Fares joined Watsi on July 2nd, 2016. One year ago, Fares joined our Universal Fund, supporting life-changing treatments for a new Watsi patient every month. Fares' most recent donation supported Salha, a playful and friendly girl from Tanzania, for corrective surgery to enable her to walk again.
Fares has funded healthcare for 62 patients in 11 countries.
Fares has funded healthcare for 62 patients in 11 countries.
Salha is four year old girl and the last born in a family of three children. Salha is a playful and friendly girl. Salha’s father does welding work for a living while her mother sells clothing. Her parents' income is not enough to care for their family and afford Salha’s treatment cost. They are asking for help. Salha was diagnosed with Left Valgus, where her left leg is bowed inward so that her knees touch. This condition is typically caused by an excessive accumulation of fluoride in the bones, which often stems from contaminated drinking water. As a result, she feels pain and cannot walk long distances. Our medical partner, African Mission Healthcare, is requesting $880 to fund corrective surgery for Salha. The procedure is scheduled to take place on September 2nd. Treatment will hopefully restore Salha's mobility, allow her to participate in a variety of activities, and greatly decrease her risk of future complications. Salha’s mother says "My daughter walks with a gait and she complains of pain, please help her.”
Bright is a very charming, friendly, and playful 2-year-old boy. He's his mother's only child. Bright's mother works at a shop as salesperson while his father owns a small liquor shop. The two parents live separately and his mother is single, though his father does try to provide for his son when he is able. Bright was diagnosed with genu varus, a condition typically caused by an excessive accumulation of fluoride in the bones, which often stems from contaminated drinking water. As a result, Bright's legs bow outward so that his knees do not touch. He has having difficulty walking and experiences pain when he walks for a short distance. Our medical partner, African Mission Healthcare (AMH), is requesting $880 to fund corrective surgery for Bright. The procedure is scheduled to take place on July 15th. Treatment will hopefully restore Bright's mobility, allow him to participate in a variety of activities, and greatly decrease his risk of future complications. Bright’s mother shares, "My son falls down when walking and needs to be supported most of the time, his age mates are running about but not my son, please help."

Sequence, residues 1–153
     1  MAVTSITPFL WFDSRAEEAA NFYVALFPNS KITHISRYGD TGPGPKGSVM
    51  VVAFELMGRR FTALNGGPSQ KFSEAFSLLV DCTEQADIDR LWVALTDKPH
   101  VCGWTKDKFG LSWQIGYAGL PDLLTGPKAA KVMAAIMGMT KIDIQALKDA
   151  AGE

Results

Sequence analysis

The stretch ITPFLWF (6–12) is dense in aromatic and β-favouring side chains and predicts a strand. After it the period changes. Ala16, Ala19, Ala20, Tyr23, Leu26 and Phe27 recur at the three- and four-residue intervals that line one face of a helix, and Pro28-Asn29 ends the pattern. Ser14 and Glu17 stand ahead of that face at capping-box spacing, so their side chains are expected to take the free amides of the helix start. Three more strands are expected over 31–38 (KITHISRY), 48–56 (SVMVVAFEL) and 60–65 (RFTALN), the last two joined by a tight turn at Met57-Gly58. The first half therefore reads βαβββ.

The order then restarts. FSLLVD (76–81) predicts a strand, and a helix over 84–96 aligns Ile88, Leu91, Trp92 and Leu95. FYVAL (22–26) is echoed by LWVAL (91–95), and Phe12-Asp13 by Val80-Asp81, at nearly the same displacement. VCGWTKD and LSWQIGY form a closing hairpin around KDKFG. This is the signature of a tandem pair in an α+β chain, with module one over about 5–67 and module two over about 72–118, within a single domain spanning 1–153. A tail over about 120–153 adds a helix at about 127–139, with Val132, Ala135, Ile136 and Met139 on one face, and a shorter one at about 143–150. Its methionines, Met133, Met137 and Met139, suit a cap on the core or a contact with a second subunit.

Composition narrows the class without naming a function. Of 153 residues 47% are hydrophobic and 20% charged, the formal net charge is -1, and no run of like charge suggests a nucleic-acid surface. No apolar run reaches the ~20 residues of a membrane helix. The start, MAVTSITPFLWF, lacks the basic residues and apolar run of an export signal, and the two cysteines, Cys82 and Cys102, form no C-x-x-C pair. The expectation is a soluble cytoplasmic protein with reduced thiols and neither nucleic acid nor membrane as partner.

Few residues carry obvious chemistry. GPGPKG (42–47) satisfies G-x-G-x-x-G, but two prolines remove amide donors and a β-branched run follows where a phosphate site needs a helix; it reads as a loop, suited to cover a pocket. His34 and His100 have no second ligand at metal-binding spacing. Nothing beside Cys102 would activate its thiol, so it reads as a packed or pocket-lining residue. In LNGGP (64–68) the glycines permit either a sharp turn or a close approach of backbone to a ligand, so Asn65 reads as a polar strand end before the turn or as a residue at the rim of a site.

Benjamin is a father of a four-year-old child who works as a motorbike (boda-boda) driver, earning about $3.70USD per day. His income is also inconsistent and depends on the availability of customers. He is the sole breadwinner for his family. Unfortunately, he has no active medical insurance coverage and has had to rely on relatives and friends to settle hospital bills. Benjamin is full of smiles but finds it difficult to sit up while sharing his story. He opts to talk while lying flat on his back. Benjamin is currently immobile, unable to sit and walk, as a result of a road traffic accident from the beginning of the month. When the 25-year-old hitched a ride on his friend's water truck, the vehicle lost control and he was thrown out the window. He immediately experienced severe back pain and lost consciousness. The accident left Benjamin with multiple fractures and wounds that will require several fracture repair and spine surgeries in order for him to sit, walk, and be able to continue with his normal routine roles again. After stays at various hospitals and numerous referrals, Benjamin arrived at our medical partner's care center, Kijabe Hospital, for care on July 17th. One of the obstacles to treatment he had faced at other hospitals was a long waiting list that meant a delay in much-needed care, but fortunately Kijabe is able to offer his needed care more urgently. At Kijabe Hospital, the doctors recommended a spinal fusion procedure for him to help regain his mobility. Our medical partner, African Mission Healthcare (AMH), is requesting $1,500 for Benjamin's critical surgery, scheduled to take place on July 26th. Benjamin shares, “I just sleep on my back and cannot even sit or walk. I cannot work and fend for my family. I need this surgery to get back to my Boda-boda job and raise my family."